What will security look like?

Just like in 2023, the celebration will be an all-hands-on-deck situation for the Kansas City Police Department.

Back in April, the Board of Police Commissioners, which governs the KCPD, said overtime costs for police officers working the parade cost $200,400.

The department said 805 law enforcement personnel were involved, including 530 on-duty and off-duty officers and another 275 from regional law enforcement agencies.

Can I ride the streetcar?

In 2023, the Kansas City Streetcar — which runs on Main Street parallel to the parade route — suspended operation on the parade day.

This Wednesday, the Streetcar will run in a limited capacity and will begin service at 6 a.m.

Passengers will not be able to board the Streetcar at Union Station. Instead, riders can exit and enter at the Crossroads stops on 19th and Main.

Streetcar service on Wednesday will begin at 6 a.m. and run at 10-12 minute frequencies until 10:30 a.m., when the streetcar will temporarily suspend service until the end of the parade and rally at Union Station.


Can I take the bus?

You can ride the bus for free. The Kansas City Area Transportation Authority (KCATA) will provide park and rides at several locations to shuttle people to the parade route.

The shuttles run from 7-10:30 a.m. and again from 12-4 p.m. Riders are warned to prepare for a 45-minute wait.

  • Former K-Mart at Chouteau and Vivion (2835 NE Vivion Road)
  • HyVee Arena / West Bottoms (1800 Genessee Street)
  • Swope Park/Zoo (6800 Zoo Drive)
  • Oak Park Mall (11149 W 95th Street)
  • 47th Street State Transit Center (849 N 47th Street)

More info on transportation options here.

What does cell phone service look like?

This has been a major issue in past years. It’s almost certain that cell phone service will be extremely limited because of the anticipated large crowd.

Officials recommend making plans with your group in case any one gets separated.

Will Taylor Swift be at the parade?

She made it to the Super Bowl, against all odds, so it’s a real possibility. Taylor, feel free to let us know what your plans are.

How much is this costing Kansas City?

Both the parade and the rally after will be free to attend, but not for the city to put on.

Kansas City officials recently approved spending $975,000 on the parade, which is higher than last year’s allocation of $750,000. Kansas City Mayor Quinton Lucas attributed the increase to overtime for city workers, public safety personnel and higher transportation costs.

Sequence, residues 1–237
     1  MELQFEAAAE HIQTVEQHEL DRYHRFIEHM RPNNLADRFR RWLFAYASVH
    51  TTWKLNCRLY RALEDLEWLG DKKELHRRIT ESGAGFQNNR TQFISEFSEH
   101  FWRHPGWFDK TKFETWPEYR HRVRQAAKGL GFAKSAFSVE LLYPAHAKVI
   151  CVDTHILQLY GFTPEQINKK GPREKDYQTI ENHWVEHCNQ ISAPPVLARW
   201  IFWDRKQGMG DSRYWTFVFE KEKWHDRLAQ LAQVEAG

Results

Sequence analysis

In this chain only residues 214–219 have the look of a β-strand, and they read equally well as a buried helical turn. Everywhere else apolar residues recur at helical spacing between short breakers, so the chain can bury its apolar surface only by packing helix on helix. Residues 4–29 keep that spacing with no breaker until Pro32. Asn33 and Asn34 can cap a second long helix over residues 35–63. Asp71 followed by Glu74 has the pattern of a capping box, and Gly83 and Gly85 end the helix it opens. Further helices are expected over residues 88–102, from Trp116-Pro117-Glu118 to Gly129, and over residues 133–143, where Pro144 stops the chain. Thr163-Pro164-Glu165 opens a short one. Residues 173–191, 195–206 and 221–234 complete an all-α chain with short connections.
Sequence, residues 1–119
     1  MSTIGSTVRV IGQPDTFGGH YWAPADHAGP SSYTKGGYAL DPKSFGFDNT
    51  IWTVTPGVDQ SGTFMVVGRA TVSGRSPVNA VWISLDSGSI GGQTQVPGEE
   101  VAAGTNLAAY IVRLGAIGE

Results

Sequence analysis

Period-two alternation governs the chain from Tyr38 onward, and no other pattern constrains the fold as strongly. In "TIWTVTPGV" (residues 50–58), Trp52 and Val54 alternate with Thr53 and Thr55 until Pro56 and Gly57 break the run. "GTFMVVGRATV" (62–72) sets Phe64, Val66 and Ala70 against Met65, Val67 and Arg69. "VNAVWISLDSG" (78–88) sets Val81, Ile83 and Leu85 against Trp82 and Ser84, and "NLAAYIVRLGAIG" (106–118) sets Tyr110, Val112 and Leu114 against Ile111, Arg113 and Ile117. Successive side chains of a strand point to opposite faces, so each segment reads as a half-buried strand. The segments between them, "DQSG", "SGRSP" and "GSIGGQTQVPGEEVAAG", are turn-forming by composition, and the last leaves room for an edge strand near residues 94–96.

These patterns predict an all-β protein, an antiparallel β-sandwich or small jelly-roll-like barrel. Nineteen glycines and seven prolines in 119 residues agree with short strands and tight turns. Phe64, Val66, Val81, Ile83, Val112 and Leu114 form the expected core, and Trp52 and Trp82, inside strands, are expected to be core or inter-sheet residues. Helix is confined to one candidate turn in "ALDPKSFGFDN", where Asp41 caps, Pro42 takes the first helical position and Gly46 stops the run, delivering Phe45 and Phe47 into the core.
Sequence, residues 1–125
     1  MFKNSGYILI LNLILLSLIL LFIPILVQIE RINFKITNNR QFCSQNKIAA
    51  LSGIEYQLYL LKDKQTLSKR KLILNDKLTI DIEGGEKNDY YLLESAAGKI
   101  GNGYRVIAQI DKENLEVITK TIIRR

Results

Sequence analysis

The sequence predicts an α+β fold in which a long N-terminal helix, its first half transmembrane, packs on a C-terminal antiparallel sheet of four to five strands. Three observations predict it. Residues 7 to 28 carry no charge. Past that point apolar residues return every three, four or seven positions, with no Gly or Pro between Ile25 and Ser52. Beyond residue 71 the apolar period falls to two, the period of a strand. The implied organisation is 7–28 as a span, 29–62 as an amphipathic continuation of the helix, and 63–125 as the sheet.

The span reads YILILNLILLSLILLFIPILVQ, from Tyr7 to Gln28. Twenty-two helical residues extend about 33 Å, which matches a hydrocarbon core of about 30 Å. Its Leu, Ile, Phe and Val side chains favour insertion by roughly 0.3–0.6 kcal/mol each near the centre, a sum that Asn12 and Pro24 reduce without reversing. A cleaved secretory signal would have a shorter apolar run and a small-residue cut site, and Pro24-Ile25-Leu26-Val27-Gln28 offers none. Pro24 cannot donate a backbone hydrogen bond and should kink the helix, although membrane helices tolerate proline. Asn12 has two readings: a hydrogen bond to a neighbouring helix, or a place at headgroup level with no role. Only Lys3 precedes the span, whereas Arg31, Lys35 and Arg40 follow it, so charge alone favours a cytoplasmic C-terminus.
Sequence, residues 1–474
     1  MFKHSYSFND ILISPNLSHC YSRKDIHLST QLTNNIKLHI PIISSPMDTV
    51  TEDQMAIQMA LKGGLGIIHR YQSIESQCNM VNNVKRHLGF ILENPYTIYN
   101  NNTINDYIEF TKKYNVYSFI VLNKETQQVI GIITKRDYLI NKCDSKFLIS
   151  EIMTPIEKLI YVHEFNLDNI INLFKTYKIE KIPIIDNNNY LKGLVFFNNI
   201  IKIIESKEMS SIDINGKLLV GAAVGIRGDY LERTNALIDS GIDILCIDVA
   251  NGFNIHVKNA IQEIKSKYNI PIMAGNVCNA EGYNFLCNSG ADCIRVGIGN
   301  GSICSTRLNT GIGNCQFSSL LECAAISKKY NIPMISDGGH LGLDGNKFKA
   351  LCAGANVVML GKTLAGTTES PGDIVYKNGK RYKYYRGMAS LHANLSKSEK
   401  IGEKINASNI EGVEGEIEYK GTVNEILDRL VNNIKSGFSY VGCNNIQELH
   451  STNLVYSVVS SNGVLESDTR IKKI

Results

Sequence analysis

The Jackson County Legislature also approved spending $75,000 to sponsor the parade. But the total cost of the parade – and how much, if anything, the Chiefs will chip in – has yet to be determined. Private sponsorships are also likely.

Last year, the estimated cost was at least $2.25 million.


How did the Chiefs victory parade go last year?

Kansas City Chiefs running back Isiah Pacheco, middle, celebrates with fans during the Super Bowl parade on Feb. 15, 2023.
Kansas City Chiefs running back Isiah Pacheco, middle, celebrates with fans during the Super Bowl parade on Feb. 15, 2023. (Carlos Moreno / KCUR 89.3)

It was very big! Upwards of 1 million people attended the parade and rally in downtown Kansas City in 2023. In 2020, estimates put the crowd size somewhere between 800,000 and 1 million.

Fans from the metro and beyond lined up along the parade route early — as in, hours before the sun came up.

As time inched closer to the start of the parade, Grand Boulevard and the lawn of the World War I Museum was packed with people. Some stood 10 people deep, standing on tiptoes or sitting on shoulders, to hopefully get a glimpse of their favorite player.

Pretty early on, one of the biggest issues was bathroom access — KCUR found dozens of people waiting in line at one Porta Potty.

Some fans rented spaces along Grand and stood on rooftops to get a bird’s eye view of the parade. If you were lucky enough to get a glimpse, a convoy of double-decker buses and trucks carried local officials and Chiefs players through downtown, with confetti raining down on the thousands of fans decked out in red Chiefs gear.

“This is a dynasty, y’all just didn’t know ’til now,” Kelce told the crowd at last year’s rally.

Now there’s no doubt.